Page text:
UK asylum-seekers locked in unsafe barracks amid COVID-19 outbreak


An outbreak of COVID-19 at an asylum-seeker holding center in the UK has led to hundreds of people being locked inside as part of blanket quarantine measures that campaigners and residents have called “dangerous.”

The disused Napier Barracks in Kent is home to around 400 people, including medically vulnerable individuals, who have been warned they face arrest if they attempt to leave.

It is alleged that asylum-seekers sleep more than 20 to a room, with just curtains hung between them for protection, and small communal bathrooms and eating areas.

A Yemeni at the site told The Independent newspaper that he had displayed symptoms of COVID-19 but had yet to receive any test results, and had not eaten since midday on Jan. 17.

He said he had been confined to a dormitory with 28 others, some with symptoms, but none had been able to isolate.

“People with coronavirus have been allowed to live normally among other refugees. Some people aren’t wearing masks and social distancing isn’t always followed,” he added.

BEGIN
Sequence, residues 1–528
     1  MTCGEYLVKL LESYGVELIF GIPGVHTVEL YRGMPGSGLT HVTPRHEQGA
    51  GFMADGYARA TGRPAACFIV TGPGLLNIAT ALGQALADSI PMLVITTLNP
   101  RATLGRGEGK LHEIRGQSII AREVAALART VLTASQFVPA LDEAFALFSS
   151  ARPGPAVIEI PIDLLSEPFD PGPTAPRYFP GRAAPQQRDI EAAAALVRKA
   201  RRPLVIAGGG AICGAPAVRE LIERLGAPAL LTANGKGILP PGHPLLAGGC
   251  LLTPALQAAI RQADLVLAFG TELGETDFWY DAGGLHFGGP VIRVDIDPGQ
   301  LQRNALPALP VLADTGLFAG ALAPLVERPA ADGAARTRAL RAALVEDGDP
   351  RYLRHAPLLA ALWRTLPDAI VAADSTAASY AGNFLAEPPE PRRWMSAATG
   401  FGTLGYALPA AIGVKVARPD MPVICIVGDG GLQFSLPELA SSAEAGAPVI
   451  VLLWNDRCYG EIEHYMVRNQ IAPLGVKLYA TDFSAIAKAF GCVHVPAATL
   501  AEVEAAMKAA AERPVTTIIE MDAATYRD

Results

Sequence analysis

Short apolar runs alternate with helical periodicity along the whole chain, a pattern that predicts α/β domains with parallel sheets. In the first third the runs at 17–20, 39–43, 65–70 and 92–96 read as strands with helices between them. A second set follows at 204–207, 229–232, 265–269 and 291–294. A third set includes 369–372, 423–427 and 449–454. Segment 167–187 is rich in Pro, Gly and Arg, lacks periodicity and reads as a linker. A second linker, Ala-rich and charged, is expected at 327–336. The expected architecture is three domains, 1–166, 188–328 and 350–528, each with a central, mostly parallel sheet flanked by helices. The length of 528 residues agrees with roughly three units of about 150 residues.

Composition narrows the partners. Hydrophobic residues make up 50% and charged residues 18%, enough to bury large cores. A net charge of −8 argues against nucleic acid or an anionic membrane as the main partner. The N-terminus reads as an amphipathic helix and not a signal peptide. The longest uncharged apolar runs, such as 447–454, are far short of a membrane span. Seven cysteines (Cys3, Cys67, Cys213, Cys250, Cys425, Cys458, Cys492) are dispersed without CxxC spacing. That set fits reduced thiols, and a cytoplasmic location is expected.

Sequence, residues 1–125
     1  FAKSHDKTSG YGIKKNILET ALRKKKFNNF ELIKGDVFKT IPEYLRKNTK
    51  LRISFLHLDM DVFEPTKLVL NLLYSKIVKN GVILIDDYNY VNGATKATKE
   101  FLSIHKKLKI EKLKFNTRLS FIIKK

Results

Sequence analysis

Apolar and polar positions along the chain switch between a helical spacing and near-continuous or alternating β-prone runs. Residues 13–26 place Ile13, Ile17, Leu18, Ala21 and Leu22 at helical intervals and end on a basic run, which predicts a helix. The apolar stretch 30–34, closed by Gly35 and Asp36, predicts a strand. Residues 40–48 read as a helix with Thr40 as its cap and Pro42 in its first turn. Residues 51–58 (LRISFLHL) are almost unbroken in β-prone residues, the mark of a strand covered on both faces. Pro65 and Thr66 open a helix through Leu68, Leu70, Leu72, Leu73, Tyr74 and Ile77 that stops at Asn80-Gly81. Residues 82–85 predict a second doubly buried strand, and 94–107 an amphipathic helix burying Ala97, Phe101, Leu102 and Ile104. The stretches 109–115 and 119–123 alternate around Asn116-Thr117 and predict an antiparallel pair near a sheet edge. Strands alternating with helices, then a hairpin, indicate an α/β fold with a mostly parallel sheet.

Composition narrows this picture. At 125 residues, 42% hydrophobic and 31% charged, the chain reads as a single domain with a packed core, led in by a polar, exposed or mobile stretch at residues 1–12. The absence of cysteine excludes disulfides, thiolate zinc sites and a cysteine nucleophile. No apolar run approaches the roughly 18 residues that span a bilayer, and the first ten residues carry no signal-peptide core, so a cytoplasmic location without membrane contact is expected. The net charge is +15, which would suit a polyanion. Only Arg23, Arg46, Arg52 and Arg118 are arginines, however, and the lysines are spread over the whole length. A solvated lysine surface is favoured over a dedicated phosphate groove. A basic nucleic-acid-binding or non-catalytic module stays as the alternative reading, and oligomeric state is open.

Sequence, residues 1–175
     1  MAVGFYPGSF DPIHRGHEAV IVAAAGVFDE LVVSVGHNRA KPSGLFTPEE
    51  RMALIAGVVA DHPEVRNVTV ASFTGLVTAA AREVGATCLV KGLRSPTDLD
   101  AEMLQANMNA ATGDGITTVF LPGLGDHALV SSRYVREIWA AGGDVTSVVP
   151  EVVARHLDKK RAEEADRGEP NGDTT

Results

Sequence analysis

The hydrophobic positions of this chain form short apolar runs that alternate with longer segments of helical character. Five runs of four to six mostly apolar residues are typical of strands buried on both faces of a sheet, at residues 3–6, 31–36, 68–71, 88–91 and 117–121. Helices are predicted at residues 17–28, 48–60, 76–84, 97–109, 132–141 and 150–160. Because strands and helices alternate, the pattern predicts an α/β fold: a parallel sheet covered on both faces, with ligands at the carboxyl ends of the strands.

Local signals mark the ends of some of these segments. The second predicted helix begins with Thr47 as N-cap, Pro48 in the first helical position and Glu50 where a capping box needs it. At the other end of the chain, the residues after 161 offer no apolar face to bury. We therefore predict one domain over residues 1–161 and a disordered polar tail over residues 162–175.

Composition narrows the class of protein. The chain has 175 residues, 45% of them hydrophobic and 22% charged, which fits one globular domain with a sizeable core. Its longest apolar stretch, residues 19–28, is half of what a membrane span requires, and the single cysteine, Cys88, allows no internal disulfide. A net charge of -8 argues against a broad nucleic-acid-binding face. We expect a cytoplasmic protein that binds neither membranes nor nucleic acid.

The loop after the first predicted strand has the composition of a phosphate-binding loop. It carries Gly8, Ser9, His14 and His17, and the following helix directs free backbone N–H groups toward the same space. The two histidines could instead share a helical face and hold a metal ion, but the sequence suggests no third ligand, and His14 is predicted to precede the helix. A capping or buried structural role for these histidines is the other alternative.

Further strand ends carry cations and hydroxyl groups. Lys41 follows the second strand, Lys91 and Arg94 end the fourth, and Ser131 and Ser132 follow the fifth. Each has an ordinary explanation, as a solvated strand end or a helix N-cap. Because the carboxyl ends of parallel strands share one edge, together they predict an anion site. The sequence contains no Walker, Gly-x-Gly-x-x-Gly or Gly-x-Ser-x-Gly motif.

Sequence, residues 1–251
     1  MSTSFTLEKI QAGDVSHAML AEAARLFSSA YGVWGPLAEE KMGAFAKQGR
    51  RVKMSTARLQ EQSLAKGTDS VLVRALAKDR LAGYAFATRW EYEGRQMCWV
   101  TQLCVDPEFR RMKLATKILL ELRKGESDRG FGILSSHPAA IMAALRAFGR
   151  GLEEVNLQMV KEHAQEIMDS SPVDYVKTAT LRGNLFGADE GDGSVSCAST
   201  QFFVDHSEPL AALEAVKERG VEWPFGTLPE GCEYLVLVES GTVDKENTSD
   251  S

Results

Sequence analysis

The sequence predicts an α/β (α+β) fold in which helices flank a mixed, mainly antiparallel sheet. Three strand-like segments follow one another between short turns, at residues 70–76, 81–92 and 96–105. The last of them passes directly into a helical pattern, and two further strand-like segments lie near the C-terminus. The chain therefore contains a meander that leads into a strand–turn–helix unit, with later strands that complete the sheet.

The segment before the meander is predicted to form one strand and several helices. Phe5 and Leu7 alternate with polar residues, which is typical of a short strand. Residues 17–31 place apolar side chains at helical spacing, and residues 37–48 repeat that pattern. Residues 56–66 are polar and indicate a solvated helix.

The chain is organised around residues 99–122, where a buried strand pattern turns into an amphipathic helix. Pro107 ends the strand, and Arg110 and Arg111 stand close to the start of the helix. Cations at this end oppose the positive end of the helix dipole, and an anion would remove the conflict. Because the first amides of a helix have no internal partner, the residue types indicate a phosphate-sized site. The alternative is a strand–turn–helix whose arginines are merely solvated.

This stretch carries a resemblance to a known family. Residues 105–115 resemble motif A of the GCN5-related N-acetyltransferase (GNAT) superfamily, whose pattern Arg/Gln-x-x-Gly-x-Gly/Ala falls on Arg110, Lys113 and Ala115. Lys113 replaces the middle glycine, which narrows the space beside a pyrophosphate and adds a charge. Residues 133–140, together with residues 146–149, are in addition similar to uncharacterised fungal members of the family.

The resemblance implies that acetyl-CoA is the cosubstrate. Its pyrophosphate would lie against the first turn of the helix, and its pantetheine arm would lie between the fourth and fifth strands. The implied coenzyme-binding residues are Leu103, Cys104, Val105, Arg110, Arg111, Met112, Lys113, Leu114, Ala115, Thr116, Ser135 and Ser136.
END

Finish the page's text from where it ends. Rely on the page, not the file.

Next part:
“I’m scared. Yesterday and this morning I didn’t go to get my food because I was too scared and I feel unwell. One guy in this dorm has been coughing a lot in recent days and has fever. The conditions here risk the spread of coronavirus. I just fled the war from Yemen and I came to the UK to seek safety, but in the end I might end up dying from coronavirus in a barracks.”

Another Yemeni man in the same dormitory said: “It was a big mistake putting this many people together in same place. We should be moved as soon as possible. This is dangerous and it’s damaging our physical and mental health.”

Lawyers have written to the UK Home Office saying the conditions are illegal, and accusing the government of trying to “avoid scrutiny.”

There have been calls for the barracks to be closed, and for the asylum-seekers to be moved to accommodation that allows them to isolate effectively.

Bridget Chapman of the Kent Refugee Action Network said: “The Home Office was so determined to use ex-military facilities to appear tough that they ignored all the warnings. Now we’re in a situation where people who should’ve been safe have been put at risk.”

Chris Philp, the UK minister for immigration compliance, said the number of cases at Napier Barracks is “small,” adding: “We take the welfare of those in our care extremely seriously, and asylum-seekers can contact the 24/7 helpline run by Migrant Help if they have any issues.”